In America, tragic judicial errors like this are not simply random: African Americans are much more often the victim of such mistakes than whites, and before being cleared they spend more time behind bars, according to a study released Tuesday.
The case of Charles — a native of Trinidad and Tobago who still speaks with a thick Caribbean accent and sports a gold tooth and dreadlocks — is typical of the stereotypes and racial prejudice which, to one degree or another, leads plaintiffs, police, judges or juries to convict black men of crimes of which they are innocent, the study by the National Registry of Exonerations said.
The statistics compiled by the registry speak volumes. Here are some highlights:
– Blacks make up 13% of the US population, but since 1989 they have accounted for 47% of 1,900 cases of exoneration after a judicial error;- Blacks convicted of murder in the United States have a 50% higher likelihood than whites of being innocent;- Blacks who are innocent are 12 times more likely to be unjustly convicted of drug-related offenses than innocent white people;- Blacks who are innocent are seven times more likely to be unjustly convicted of murder than innocent white people.Record number of exonerations
The year 2016 saw a record 166 exonerations after wrongful convictions, 54 of those in homicide cases.
The growing trend can be seen as illustrating a criminal justice system riddled with arbitrary decision-making or as symptomatic of a system that is more and more willing to recognize its mistakes.
Experts agree that what has been studied so far in this area is the tip of an iceberg, the size of which is not known.
The war on drugs, which has caused the prison population to soar over the past few decades, features vast police raids that sometimes draw sharp criticism.
“We know about nearly 1,700 cases in group exonerations that are mostly drug crime frame ups,” said Samuel Gross, the author of the report.
“Most of those defendants are African Americans. We believe that there are many more that we have not found, but we can’t say how many,” he told AFP.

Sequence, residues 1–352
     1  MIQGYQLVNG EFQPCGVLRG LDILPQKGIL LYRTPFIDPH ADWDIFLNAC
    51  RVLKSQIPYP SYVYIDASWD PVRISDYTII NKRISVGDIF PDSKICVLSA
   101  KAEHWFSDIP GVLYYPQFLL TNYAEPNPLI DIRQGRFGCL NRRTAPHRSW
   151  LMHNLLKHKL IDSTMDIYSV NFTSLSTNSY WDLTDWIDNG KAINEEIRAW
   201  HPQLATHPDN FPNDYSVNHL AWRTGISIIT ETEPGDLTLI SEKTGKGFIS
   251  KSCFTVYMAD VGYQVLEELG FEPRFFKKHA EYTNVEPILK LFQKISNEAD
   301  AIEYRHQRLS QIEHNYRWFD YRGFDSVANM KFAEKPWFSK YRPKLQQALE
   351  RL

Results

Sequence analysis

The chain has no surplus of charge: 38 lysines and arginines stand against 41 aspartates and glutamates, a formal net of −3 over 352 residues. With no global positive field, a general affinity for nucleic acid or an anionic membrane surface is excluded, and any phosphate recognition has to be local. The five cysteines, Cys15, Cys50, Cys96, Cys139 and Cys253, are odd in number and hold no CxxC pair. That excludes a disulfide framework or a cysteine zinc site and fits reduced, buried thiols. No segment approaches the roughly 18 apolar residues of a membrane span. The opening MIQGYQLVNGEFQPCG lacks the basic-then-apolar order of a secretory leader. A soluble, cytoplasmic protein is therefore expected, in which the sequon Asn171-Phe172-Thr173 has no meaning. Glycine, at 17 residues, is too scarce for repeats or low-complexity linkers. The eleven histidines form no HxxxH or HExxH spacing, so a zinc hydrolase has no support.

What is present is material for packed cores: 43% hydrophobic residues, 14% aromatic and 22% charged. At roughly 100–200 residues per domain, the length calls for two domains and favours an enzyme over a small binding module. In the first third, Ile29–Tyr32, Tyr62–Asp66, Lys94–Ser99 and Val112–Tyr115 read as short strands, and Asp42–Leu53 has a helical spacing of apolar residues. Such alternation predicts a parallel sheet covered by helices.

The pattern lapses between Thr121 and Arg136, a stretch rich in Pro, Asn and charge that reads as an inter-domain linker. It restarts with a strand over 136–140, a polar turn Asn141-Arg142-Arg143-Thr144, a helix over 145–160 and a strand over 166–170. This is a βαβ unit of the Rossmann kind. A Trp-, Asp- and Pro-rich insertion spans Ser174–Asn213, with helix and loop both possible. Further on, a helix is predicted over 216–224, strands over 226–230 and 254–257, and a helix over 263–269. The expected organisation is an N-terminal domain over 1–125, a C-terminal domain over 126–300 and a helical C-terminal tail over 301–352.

Oddly, many blacks plead guilty to crimes they did not commit: they fear going ahead with a full-blown jury trial and being punished with even more years in prison.
Age 14, wrongly imprisoned
Consider the case of a boy named Davontae Sanford, who lived in Detroit. At age 14, he confessed in 2008 to four killings and an attempted killing. But he was innocent.
He spent eight years in prison, even though just a month after he was convicted, the real murderer — a hit man — confessed to the crimes, produced the gun used in the killings and cleared Sanford’s name.
“On average, black murder exonerees spent three years longer in prison before release than white murder exonerees, and those sentenced to death spent four years longer,” said the report, entitled “Race and Wrongful Convictions in the United States.”
FILE: Davontae Sanford smiles as he walks out of the Bellamy Creek Correctional Facility with one of his lawyers Valerie Newman. AAP
“Many of the convictions of African-American murder exonerees were affected by a wide range of types of racial discrimination, from unconscious bias and institutional discrimination to explicit racism,” the report added.
As for sexual assault, eyewitness misidentification does not completely explain the racial disparity to the detriment of blacks in exonerations for these offenses, it added.
Here, to, some convictions that ended up in exonerations were marred by implicit bias, racially tainted official misconduct and, in some cases, explicit racism, it added.